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Journal of Inherited Metabolic Disease

, Volume 40, Issue 2, pp 219–226 | Cite as

Analysis of the functional muscle–bone unit of the forearm in patients with phenylketonuria by peripheral quantitative computed tomography

  • Daniela Choukair
  • Carolin Kneppo
  • Reinhard Feneberg
  • Eckhard Schönau
  • Martin Lindner
  • Stefan Kölker
  • Georg F. Hoffmann
  • Burkhard Tönshoff
Original Article

Abstract

Bone disease in patients with phenylketonuria (PKU) is incompletely characterized. We therefore analyzed, in a cross-sectional study radius macroscopic bone architecture and forearm muscle size by peripheral quantitative computed tomography (pQCT) and muscle strength by hand dynamometry in a large cohort (n = 56) of adolescent and adult patients with PKU aged 26.0 ± 8.9 (range, 11.8–41.5) years. Data were compared with a reference population (n = 700) from the DONALD study using identical methodology. We observed a significant reduction of cortical thickness (z-score −1.01 ± 0.79), Strength–Strain Index (SSI) (z-score −0.81 ± 1.03), and total bone mineral density (BMD) of the distal radius (z-score −1.05 ± 1.00). Mean muscle cross-sectional area (z-score −0.98 ± 1.19) and muscle grip force (z-score −0.64 ± 1.26) were also significantly reduced, indicating an impaired muscular system as part of the clinical phenotype of PKU. SSI positively correlated (r = 0.53, P < 0.001) with the corresponding muscle cross-sectional area in the reference population; however, the regression line slope in PKU patients was less steep (P < 0.001), indicating that bone strength is not adequately adapted to muscle force. In conclusion, the radial bone in PKU patients is characterized by reduced bone strength in relation to muscular force, decreased cortical thickness, and impaired total BMD at the metaphyseal site. These alterations indicate a mixed bone defect in PKU, both of which are due to primary alterations of bone metabolism and to secondary alterations in response to neuromuscular abnormalities.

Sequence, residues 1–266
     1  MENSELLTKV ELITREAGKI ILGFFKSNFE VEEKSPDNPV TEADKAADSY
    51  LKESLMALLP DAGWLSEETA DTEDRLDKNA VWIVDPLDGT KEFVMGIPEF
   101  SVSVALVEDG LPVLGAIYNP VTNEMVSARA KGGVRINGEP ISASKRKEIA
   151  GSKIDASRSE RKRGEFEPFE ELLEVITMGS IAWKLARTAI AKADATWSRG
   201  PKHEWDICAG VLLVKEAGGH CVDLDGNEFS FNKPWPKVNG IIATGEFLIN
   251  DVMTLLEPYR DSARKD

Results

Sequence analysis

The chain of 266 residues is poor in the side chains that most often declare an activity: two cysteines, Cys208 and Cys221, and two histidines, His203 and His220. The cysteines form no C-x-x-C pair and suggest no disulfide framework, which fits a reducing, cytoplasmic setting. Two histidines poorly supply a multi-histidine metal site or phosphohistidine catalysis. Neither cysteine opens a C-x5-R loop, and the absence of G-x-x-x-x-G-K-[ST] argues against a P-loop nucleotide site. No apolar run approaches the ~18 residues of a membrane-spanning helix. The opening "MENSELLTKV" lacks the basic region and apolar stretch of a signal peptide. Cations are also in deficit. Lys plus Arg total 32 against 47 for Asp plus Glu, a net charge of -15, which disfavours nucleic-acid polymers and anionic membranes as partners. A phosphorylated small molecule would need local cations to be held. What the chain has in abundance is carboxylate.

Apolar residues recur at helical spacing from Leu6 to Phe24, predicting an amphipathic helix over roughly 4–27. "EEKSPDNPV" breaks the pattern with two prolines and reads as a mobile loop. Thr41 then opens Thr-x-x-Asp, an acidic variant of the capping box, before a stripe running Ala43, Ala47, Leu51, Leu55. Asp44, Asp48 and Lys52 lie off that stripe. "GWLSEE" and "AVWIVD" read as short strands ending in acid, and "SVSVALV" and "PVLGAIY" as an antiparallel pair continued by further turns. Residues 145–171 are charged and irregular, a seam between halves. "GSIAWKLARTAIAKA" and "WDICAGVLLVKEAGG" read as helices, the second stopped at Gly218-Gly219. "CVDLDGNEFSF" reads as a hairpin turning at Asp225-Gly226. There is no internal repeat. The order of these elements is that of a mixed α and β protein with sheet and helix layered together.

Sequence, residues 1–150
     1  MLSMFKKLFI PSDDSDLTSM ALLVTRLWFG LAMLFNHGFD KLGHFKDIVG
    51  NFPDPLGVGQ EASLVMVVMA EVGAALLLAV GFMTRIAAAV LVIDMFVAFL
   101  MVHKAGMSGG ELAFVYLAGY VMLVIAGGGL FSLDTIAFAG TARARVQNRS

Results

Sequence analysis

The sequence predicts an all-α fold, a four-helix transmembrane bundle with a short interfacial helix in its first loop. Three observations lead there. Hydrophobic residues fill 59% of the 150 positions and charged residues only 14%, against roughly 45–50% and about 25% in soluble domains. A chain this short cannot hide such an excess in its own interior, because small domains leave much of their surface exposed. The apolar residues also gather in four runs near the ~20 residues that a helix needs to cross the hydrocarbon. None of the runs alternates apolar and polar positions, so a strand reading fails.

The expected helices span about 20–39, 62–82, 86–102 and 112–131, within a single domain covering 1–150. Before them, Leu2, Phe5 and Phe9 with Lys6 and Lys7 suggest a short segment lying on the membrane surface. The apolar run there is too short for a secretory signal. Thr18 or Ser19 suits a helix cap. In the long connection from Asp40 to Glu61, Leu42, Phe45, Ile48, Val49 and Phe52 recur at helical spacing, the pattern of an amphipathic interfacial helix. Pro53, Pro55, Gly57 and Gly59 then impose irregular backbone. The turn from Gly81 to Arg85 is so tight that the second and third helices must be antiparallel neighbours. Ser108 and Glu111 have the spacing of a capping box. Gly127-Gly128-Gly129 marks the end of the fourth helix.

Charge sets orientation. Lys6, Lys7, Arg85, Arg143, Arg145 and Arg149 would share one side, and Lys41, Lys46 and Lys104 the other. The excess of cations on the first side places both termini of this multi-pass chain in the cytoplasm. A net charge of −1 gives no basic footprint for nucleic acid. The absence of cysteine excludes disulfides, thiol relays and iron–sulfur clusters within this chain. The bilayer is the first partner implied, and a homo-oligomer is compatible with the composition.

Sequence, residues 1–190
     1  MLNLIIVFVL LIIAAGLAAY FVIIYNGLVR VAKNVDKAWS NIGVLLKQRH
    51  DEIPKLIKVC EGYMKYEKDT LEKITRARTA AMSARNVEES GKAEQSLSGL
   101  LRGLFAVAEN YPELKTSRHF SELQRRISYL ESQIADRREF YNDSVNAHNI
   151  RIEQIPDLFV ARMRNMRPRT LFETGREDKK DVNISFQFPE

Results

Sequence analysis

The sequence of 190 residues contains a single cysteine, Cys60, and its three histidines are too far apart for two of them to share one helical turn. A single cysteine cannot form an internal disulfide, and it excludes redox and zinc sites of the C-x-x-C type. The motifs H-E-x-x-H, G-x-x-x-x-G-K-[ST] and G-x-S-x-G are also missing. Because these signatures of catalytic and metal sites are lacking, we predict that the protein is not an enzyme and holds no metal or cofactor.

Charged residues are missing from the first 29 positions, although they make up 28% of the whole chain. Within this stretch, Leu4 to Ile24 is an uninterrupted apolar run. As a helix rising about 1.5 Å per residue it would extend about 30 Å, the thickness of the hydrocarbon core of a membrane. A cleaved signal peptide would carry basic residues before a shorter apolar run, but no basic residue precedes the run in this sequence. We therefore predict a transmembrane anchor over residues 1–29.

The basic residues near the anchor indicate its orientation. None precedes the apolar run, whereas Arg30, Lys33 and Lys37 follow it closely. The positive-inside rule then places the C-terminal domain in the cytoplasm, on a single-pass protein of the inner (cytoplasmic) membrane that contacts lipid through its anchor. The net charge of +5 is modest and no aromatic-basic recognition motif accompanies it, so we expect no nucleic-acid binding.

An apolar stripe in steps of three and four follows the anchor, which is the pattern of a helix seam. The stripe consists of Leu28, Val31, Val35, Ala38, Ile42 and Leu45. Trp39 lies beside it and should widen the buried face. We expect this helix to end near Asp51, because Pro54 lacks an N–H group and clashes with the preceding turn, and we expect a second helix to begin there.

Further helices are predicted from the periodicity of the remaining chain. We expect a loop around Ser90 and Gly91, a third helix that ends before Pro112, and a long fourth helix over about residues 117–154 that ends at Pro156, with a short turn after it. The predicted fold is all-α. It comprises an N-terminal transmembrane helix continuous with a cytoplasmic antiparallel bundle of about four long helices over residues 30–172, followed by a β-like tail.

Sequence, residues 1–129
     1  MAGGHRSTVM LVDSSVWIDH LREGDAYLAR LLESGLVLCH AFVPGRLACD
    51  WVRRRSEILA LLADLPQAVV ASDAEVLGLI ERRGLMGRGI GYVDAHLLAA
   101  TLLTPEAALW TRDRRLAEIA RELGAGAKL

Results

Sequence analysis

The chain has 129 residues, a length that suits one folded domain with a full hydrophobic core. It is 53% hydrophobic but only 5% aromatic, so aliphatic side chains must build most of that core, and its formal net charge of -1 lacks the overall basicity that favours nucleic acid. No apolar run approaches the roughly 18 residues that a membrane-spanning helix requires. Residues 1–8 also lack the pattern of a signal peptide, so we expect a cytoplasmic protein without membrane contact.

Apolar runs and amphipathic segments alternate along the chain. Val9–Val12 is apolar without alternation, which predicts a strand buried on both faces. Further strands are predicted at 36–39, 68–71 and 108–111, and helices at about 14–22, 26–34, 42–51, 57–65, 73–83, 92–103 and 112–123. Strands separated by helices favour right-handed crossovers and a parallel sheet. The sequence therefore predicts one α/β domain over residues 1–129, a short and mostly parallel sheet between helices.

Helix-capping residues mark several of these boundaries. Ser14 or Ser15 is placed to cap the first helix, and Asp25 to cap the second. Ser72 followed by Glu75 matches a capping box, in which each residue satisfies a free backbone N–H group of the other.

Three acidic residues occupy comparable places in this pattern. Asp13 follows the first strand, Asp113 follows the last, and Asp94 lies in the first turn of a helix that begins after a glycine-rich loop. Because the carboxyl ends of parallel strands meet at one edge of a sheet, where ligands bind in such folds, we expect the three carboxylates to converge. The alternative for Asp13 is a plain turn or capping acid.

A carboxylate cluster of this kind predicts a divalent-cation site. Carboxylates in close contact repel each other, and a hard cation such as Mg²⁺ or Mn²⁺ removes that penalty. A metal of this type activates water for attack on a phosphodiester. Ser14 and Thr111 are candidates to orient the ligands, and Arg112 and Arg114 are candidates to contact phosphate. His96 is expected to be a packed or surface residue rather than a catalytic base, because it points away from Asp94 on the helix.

Keywords

Bone Mineral Density Cortical Thickness Grip Force Peripheral Quantitative Compute Tomography Trabecular Bone Mineral Density 
These keywords were added by machine and not by the authors. This process is experimental and the keywords may be updated as the learning algorithm improves.

Notes

Acknowledgements

The authors thank Vassiliki Konstantopoulou and Ariane Kleiner for participation in recruitment of patients. We thank Friedrich Karl Trefz and Peter Burgard for critically reviewing the manuscript.

Details of funding

This study was supported by grants from the Dietmar Hopp Foundation and Milupa Nutricia GmbH Germany. The authors confirm independence from the sponsors; the content of the article was no influenced by the sponsors.

Compliance with ethical standards

Conflict of interest

Daniela Choukair, Carolin Kneppo, Reinhard Feneberg, Eckhard Schönau, Stefan Kölker, Georg F. Hoffmann, and Burkhard Tönshoff have no conflict of interest. Martin Lindner has received honoraria for educational lectures from Milupa Nutricia GmbH Germany.

Informed Consent

All procedures followed were in accordance with the ethical standards of the responsible committee on human experimentation (institutional and national) and with the Declaration of Helsinki, 1975, as revised in 2000. Informed consent was obtained from all patients.

Supplementary material

10545_2016_2_MOESM1_ESM.docx (69 kb)
ESM 1 (DOCX 68 kb)

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Copyright information

© SSIEM 2016

Authors and Affiliations

  1. 1.Department of Pediatrics IUniversity Children’s Hospital HeidelbergHeidelbergGermany
  2. 2.ICON Clinical Research GmbHLangenGermany
  3. 3.University Children’s Hospital CologneCologneGermany
  4. 4.Division of Neuropediatrics and Metabolic Medicine, Department of Pediatrics IUniversity Children’s Hospital HeidelbergHeidelbergGermany
  5. 5.University Children’s Hospital FrankfurtFrankfurt am MainGermany

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